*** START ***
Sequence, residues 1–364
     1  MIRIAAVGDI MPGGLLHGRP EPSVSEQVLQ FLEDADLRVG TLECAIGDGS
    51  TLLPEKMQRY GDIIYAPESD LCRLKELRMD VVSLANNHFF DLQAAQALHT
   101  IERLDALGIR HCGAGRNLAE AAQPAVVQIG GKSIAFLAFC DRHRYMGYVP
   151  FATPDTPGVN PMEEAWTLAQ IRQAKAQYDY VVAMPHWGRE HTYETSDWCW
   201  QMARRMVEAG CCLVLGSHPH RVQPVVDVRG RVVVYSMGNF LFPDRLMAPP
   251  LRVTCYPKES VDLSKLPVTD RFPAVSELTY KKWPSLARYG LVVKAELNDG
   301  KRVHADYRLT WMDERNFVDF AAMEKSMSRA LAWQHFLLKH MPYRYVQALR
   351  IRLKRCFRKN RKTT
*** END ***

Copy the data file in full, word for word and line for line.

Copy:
Sequence, residues 1–364
     1  MIRIAAVGDI MPGGLLHGRP EPSVSEQVLQ FLEDADLRVG TLECAIGDGS
    51  TLLPEKMQRY GDIIYAPESD LCRLKELRMD VVSLANNHFF DLQAAQALHT
   101  IERLDALGIR HCGAGRNLAE AAQPAVVQIG GKSIAFLAFC DRHRYMGYVP
   151  FATPDTPGVN PMEEAWTLAQ IRQAKAQYDY VVAMPHWGRE HTYETSDWCW
   201  QMARRMVEAG CCLVLGSHPH RVQPVVDVRG RVVVYSMGNF LFPDRLMAPP
   251  LRVTCYPKES VDLSKLPVTD RFPAVSELTY KKWPSLARYG LVVKAELNDG
   301  KRVHADYRLT WMDERNFVDF AAMEKSMSRA LAWQHFLLKH MPYRYVQALR
   351  IRLKRCFRKN RKTT